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Customers That Will Give You Blisters

, , , | Right | November 30, 2021

I’m a doctor, working at a public night shift service. It’s kind of like an emergency room but for non-emergencies, to keep the hospitals clear of white codes. We treat anything from a fever to a sore throat to prescriptions for urgent treatments.

A woman walks in at 3:00 am asking for a prescription for hypertension drugs, which isn’t unusual, as people sometimes don’t notice they’re running low.

The law (not a rule, not my decision — the law) states that our service can only write prescriptions for potentially life-threatening conditions’ drugs for a maximum of seventy-two hours’ coverage, so if you take one pill a day, I can only prescribe you a single blister.

While I’m writing the prescription, she casually mentions:

Customer: “I’m an insomniac. I was cleaning the medicine cabinet and I realized I’m down to my last full blister.”

My pen stops and I ask her to repeat.

Me: “Full blister?”

Customer: “Yeah.”

I void the prescription and explain to her the law. She gets mad, starts yelling, and threatens to call the cops.

Me: “Go ahead.”

The cops come, and she triumphantly announces:

Customer: “He is refusing to treat me!”

I explained the situation, and they asked her if it was true that she had a full blister. She, of course, confirmed it. The cops looked at her — still with her look of triumph, waiting for them to arrest me — then at me, and then ask her politely to leave, as I was in the right. She was livid.

The day after, my boss called me and cracked up because she went back during the day to talk to “the manager”, and my boss told her the exact same thing. Never saw her again.

We Suppose This Might Be Problematic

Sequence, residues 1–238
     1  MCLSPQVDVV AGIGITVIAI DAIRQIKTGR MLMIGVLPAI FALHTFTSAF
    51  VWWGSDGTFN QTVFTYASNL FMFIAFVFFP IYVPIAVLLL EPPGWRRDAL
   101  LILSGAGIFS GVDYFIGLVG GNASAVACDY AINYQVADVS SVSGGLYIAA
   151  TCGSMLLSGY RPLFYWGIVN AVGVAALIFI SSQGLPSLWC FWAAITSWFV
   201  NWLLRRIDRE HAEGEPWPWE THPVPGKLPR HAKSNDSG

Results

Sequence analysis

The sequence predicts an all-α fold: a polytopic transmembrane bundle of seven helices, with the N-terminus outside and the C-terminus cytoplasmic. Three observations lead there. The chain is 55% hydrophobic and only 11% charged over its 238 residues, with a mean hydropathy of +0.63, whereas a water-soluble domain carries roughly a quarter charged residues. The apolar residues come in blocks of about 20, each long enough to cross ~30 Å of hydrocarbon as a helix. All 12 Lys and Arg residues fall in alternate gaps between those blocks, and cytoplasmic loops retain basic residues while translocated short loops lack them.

, , , , | Healthy | November 19, 2021

A particular medication that I’ve needed for a while comes in several forms: injections, suppositories, and oral pills. I’ve been on all three varieties over the past few years. This scene happens as my doctor has just switched me from injections to pills and I go to fill the new prescription at the pharmacy for the first time.

The pharmacist hands me a bottle of what looks like large pills, but I review the instructions on the label before I leave and notice that something seems off, so I go back up to the counter to ask the pharmacist a question.

Me: “Excuse me, but the instructions on this medication say to ‘insert vaginally,’ and I’m pretty sure I’m supposed to be on the oral form of this medication right now. The bottle you gave me looks like pills, not suppositories, so I’m guessing it’s just mislabeled, but I want to double-check that I got the right thing before I leave.”

The pharmacist answers in a condescending voice.

Pharmacist: “No, this medication is always a suppository. Don’t swallow it; insert it vaginally.”

Me: “But I was just at my doctor’s office yesterday and he told me I’d be getting an oral version of the med now. Right now I’m taking a version of this medication that’s an intramuscular injection, so I know it comes in multiple forms. Also, I’ve been on the suppositories in the past and they didn’t look anything like this. But this is my first time taking the oral version, so I’m not positive what it’s supposed to look like. Are you sure these aren’t pills that I’m supposed to swallow orally?”

Pharmacist: “No, just follow the instructions on the label and call your doctor if you have any questions.”

Me: “I’m sorry, but this just doesn’t make sense to me, and these really look like pills, not suppositories. Can you please just double-check the prescription before I leave?”

The pharmacist rolls his eyes and snatches the meds out of my hand. He comes back a few minutes later.

Pharmacist: “Your doctor wrote the wrong thing down, but I called and checked and you’re supposed to be on pills, not the suppositories. Here’s the correct medication for you.”

Then, he handed me back the exact same bottle of pills with a different label with instructions to “swallow by mouth”. He never apologized or acknowledged his error in any way.